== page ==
Case Report: (1828) 5 Murr 6

Key points: Creation of right of way – road alleged to be public but blocked by a gate – whether the bank of a navigable tidal river is a ‘public place’ – the distinction between tidal and non-tidal rivers.

The facts: Oswald sought a Declarator that a public right of way for carriages and horses existed along the south bank of the River Clyde from the south end of the old Gorbals Bridge to the south end of the new Broomielaw Bridge; at the latter point, Lawrie had placed a gate across the alleged right of way.

Decision: After hearing the evidence regarding use of the road for the prescriptive period, the Court granted Oswald the Declarator which he sought.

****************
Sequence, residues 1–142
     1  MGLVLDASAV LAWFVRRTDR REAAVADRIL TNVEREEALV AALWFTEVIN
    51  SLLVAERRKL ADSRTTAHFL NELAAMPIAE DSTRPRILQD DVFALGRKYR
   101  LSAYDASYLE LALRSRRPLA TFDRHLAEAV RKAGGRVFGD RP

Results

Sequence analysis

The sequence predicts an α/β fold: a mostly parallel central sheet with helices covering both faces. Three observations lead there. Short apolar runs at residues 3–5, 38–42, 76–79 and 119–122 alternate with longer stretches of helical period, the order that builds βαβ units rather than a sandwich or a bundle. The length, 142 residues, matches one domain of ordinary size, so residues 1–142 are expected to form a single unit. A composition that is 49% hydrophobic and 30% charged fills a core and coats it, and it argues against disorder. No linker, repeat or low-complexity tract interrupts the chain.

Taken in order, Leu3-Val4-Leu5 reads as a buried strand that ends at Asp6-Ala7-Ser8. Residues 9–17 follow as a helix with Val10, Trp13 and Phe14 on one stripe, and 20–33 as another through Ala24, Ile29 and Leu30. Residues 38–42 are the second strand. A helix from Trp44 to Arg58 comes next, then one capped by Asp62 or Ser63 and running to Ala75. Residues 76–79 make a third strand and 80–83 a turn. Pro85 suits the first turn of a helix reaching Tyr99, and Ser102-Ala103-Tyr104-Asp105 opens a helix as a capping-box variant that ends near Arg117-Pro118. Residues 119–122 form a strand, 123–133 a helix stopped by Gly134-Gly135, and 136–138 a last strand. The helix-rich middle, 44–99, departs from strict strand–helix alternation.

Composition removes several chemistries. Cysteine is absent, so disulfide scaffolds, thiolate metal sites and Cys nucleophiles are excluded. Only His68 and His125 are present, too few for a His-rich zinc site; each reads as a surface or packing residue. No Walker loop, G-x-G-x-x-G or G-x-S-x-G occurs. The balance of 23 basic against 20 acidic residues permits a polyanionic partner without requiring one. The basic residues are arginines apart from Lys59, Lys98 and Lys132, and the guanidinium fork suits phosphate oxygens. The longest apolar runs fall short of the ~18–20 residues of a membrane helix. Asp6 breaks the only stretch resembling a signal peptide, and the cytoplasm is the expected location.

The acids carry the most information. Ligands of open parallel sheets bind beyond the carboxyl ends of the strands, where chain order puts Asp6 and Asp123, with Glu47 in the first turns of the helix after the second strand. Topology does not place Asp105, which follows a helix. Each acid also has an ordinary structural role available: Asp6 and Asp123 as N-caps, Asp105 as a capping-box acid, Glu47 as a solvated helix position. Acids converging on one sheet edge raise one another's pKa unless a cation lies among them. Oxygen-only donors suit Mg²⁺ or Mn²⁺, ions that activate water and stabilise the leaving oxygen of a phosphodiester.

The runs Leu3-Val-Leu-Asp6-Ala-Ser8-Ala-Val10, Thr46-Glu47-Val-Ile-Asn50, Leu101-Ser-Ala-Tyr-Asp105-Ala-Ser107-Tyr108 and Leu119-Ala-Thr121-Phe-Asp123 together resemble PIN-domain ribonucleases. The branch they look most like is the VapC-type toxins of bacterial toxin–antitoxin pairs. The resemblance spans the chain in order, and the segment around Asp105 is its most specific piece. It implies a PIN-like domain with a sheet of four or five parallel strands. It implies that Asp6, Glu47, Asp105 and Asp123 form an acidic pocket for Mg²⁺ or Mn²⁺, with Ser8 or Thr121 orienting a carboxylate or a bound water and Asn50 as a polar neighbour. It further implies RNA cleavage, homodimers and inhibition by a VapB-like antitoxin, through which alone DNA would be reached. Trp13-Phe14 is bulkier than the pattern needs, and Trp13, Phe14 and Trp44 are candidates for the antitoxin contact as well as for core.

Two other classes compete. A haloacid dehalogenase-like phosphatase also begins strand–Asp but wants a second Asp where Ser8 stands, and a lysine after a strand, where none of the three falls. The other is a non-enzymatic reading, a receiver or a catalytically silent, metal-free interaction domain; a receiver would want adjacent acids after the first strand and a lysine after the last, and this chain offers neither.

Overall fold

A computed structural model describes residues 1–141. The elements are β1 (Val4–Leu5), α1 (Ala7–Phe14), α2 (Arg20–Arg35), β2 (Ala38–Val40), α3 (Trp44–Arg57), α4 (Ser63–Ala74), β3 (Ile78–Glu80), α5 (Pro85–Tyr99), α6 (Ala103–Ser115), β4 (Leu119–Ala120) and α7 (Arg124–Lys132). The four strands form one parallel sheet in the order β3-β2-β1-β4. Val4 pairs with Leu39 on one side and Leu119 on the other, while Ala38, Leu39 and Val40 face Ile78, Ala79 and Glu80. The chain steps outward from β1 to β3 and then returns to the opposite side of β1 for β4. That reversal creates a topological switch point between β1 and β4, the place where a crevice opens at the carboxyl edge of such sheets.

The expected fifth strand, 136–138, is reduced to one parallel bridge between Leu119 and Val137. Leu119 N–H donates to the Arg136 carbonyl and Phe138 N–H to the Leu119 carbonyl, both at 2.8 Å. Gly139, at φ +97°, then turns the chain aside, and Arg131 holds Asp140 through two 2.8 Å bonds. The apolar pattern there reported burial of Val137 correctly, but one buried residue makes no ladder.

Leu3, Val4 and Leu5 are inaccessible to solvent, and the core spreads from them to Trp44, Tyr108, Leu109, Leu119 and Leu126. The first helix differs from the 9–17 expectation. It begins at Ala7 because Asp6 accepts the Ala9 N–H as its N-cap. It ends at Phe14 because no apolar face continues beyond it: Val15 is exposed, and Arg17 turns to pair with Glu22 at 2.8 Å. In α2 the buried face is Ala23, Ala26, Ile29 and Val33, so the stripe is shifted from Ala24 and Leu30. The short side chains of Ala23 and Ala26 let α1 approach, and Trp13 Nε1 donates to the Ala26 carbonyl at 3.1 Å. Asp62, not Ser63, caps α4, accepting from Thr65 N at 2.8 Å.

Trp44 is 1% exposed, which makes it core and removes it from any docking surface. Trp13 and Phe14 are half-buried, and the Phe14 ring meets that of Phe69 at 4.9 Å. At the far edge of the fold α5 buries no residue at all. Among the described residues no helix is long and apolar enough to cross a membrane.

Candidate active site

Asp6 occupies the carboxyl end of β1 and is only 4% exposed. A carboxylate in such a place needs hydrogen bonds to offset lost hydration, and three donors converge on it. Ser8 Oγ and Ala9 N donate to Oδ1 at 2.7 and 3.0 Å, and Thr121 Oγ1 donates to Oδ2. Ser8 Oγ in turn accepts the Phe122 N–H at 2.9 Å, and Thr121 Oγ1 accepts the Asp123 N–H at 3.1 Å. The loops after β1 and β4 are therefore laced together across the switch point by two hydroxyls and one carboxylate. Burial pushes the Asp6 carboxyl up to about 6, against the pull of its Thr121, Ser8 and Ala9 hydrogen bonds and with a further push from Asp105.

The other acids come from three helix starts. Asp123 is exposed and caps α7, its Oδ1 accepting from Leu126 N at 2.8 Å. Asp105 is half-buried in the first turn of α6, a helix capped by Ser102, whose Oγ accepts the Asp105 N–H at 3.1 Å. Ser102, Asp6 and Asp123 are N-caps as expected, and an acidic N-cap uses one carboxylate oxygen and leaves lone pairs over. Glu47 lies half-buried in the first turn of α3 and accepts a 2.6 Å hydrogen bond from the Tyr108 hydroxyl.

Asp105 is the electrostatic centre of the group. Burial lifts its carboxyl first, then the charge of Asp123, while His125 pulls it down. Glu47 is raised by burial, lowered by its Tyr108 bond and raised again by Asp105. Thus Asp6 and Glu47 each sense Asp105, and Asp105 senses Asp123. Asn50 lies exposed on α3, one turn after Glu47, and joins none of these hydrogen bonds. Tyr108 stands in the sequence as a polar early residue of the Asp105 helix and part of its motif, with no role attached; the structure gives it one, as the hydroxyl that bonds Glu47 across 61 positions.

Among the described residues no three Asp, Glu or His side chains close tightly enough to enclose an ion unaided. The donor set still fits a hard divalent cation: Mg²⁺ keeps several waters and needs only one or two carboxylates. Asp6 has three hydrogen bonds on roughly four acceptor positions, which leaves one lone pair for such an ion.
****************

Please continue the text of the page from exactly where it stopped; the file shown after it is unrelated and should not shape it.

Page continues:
Comments: This was a straightforward type of case, but its importance lies in the Court’s observation which was, in effect, that the bank of a navigable and tidal river could be a point at which a highway may legally end. The Court, using the language of 1828, referred to ”the margin of a river”, rather than to ”the bank”, and it did not refer to the river as being navigable or tidal; however, in 1828 at the place in question, the Clyde was both navigable and tidal; the new Broomielaw Bridge and the alleged public road met on the river bank where there was considerable traffic. The case is therefore considered as authority that where there is sufficient evidence of public resort to a particular spot on the bank of a navigable tidal river, that spot may be a ‘public place’ at which a public right of way may end. Contrast this decision with the observations in Leith-Buchanan v Hogg, referring to a navigable but non-tidal river, i.e. the Leven in Dunbartonshire.

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